If you don’t need it in your life that’s fantastic. I just have to learn to use it in a way that is good for me and not for Facebook.

  3. Sommer says:

    I felt just like you and gave up FB and my 900 “friends”. That was 3 years ago and there’s no way I could go back. This year my smartphone kaputted and I intentionally decided to not replace/fix it, went back to my old dumb phone from 10 years ago. At first I had thoughts that I would get lost without the gps or not be able to look up recipe inspiration while grocery shopping, etc. However I reminded myself that a lot of my life was not technologically connected. My life needs some planning now (like directions and recipes), but it’s not that big of a deal. Life feels slower, relationships seem more intentional and for lack of a better word, deeper. It’s awesome actually. I am also lucky that I don’t need any of it for work (Pilates teacher and studio owner), and I can see how limiting use would be better than becoming a luddite. Kind of. :)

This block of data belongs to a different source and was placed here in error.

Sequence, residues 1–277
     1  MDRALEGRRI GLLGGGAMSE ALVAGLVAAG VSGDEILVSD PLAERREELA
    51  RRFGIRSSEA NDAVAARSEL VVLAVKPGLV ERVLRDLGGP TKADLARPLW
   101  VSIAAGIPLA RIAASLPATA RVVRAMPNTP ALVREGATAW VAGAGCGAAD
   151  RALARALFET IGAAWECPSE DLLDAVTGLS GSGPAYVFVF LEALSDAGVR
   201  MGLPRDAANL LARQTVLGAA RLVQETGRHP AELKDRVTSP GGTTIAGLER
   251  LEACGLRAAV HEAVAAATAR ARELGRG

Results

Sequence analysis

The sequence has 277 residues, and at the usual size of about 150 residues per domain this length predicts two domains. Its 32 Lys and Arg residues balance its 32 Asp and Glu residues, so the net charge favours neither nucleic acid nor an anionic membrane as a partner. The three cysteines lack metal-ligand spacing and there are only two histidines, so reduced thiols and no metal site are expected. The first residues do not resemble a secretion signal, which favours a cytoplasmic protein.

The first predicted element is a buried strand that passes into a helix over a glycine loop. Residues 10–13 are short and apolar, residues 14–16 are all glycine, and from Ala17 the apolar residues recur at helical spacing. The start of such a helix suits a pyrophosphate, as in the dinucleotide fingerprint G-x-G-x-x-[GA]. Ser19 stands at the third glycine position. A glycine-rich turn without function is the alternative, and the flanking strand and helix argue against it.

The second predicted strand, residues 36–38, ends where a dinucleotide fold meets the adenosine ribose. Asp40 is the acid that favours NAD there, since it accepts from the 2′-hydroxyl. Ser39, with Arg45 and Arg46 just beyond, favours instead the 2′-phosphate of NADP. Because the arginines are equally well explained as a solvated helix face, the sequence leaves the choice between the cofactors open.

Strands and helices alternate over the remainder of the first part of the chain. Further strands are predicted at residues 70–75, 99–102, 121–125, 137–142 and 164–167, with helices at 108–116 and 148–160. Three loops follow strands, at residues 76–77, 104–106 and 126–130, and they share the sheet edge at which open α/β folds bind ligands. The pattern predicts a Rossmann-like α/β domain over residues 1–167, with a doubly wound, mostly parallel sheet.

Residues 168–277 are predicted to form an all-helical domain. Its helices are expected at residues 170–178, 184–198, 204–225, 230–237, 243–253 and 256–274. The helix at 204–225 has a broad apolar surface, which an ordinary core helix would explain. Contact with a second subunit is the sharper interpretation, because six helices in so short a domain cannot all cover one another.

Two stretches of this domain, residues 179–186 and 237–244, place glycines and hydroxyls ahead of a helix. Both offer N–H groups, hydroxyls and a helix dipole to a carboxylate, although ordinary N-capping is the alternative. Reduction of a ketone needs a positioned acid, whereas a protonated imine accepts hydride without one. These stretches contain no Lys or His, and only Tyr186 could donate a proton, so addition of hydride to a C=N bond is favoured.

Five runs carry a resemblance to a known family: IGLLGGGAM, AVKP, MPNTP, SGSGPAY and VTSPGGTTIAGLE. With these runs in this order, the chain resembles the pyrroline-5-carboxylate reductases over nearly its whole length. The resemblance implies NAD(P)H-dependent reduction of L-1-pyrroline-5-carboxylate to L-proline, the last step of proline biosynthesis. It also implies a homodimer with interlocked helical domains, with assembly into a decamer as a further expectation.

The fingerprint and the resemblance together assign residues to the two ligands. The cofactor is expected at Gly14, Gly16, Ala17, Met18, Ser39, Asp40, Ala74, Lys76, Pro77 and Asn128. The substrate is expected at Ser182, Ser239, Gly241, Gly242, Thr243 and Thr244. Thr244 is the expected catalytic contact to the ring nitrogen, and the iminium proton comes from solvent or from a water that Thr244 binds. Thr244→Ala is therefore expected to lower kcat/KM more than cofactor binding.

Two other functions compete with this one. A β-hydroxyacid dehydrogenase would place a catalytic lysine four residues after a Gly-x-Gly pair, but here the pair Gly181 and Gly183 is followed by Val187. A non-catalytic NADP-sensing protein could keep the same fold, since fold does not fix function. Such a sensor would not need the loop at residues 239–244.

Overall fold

• Sommer says:

      Oh yes, forgot to mention about keeping in touch with international friends (which took up 90% of my FB friends – I lived abroad and wandered for 10 years, finally coming back to the US when I was 33). About 3 months before closing my account I posted what I would be doing and that I’d love to keep in touch through Skype, email, or face to face, that I’d like to have a deeper connection with friends and not just frivolous updates about my dog or that days beach excursion. People wrote saying they’d email and we’d hang, that they’d visit me, etc. I can tell you that I was sad after the first year I heard from only 4 people, out of 900. But you know what? Those ARE my friends, and I’m fortunate to have them. :)

    • zsolt says: